When you can regularly slip into a flow state while doing self-expressive activities that engage you in a sensate, bodily way, that's what's going to help you. (At least, that's what helps me.)
posted by MiraK at 9:34 AM on March 5

Karaoke practice? Like, singing along with songs in a genuine effort to get better at singing them.

I sometimes find myself getting too judgy over this (my voice... is what it is), but mostly it's just good harmless stress-reducing fun.
posted by humbug at 9:34 AM on March 5 [1 favorite]

I have a dog so I walk a a lot. I find walking in my neighborhood with a podcast, audiobook, or music to be relaxing. If I can be in an area with lots of trees, even better.
posted by hurdy gurdy girl at 9:40 AM on March 5 [2 favorites]

Birdwatching or messing around in ponds or woods would be low-equipment, low-commitment activities.

Is there a local nature center with activities? We have one close to us that has yoga in the park (weather permitting,) plein-air painting, guided trail walks, and a labyrinth. They have had occasional forest bath walks, I would love to do that if I didn't have other claims on my time...
posted by Lawn Beaver at 9:58 AM on March 5 [4 favorites]

Colouring. There are lots of mandalas and other colouring pages on Pinterest,
Hexagon paper piecing is a nice way to gradually make a project. A couple of scraps of fabric, needle and thread. You can buy the hexes or print and cut them out. Can be done in the car, even.
posted by Enid Lareg at 10:00 AM on March 5

In similar circumstances I dabbled in origami, which can be as involved or not as you want and very accessible with video tutorials and even printer paper. I then went to crochet and knitting - okay, good yarn costs a bit, but the stress relief is worth it and you're left with something useful (unlike purely ornamental origami).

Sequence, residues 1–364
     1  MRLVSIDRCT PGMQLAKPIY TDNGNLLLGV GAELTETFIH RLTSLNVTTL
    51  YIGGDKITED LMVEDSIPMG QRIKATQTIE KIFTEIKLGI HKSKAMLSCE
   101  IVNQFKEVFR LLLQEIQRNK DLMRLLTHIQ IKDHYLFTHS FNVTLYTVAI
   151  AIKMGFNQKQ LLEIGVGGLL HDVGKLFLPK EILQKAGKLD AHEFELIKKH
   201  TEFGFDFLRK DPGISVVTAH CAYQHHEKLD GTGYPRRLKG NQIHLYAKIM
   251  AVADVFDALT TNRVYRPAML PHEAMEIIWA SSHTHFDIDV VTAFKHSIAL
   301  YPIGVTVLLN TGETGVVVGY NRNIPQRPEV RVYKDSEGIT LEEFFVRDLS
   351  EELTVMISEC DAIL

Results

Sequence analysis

posted by I claim sanctuary at 10:07 AM on March 5 [2 favorites]

Sometimes I just lie down on the floor. Just for 5 minutes. I don't necessarily meditate or anything, just stare at the ceiling. Obviously your back (or other body parts) might not like this but do not underestimate the power of just zoning the fuck out.
posted by mskyle at 10:09 AM on March 5 [9 favorites]

Forest bathing.

Spending time with friends. What friend do you love to talk to? Reach out to them and say, "I'm feeling burned out a lot lately and could really use some mellow restorative time with a friend. Do you have time to do something this weekend?"

I always enjoyed going to the movies by myself. Better than double screening at home, I found it super absorbing.
posted by vunder at 10:11 AM on March 5 [1 favorite]

Best answer: Crocheting is easy to pick up and put down, and making something simple and repetitive like a scarf or blanket is easy to do and has a low learning curve. I also find that if I’m tense, my crochet is tense and tight, so it forces me to relax my body.
posted by MadamM at 10:23 AM on March 5 [6 favorites]

Hammocks? DIY kits; how to weave or sew your own.
posted by Iris Gambol at 10:30 AM on March 5 [2 favorites]

I feel like some of the answers to this question (which is not the same as yours) might be of interest. I say this partly because I was going to suggest a couple of my own answers from there: doodling and (yes, really) playing with dripping candle wax.
posted by 2 cats in the yard at 10:36 AM on March 5

Listen to full albums instead of individual tracks, or works like symphonies or operas, music structured to have longer and more harmonious emotive flow.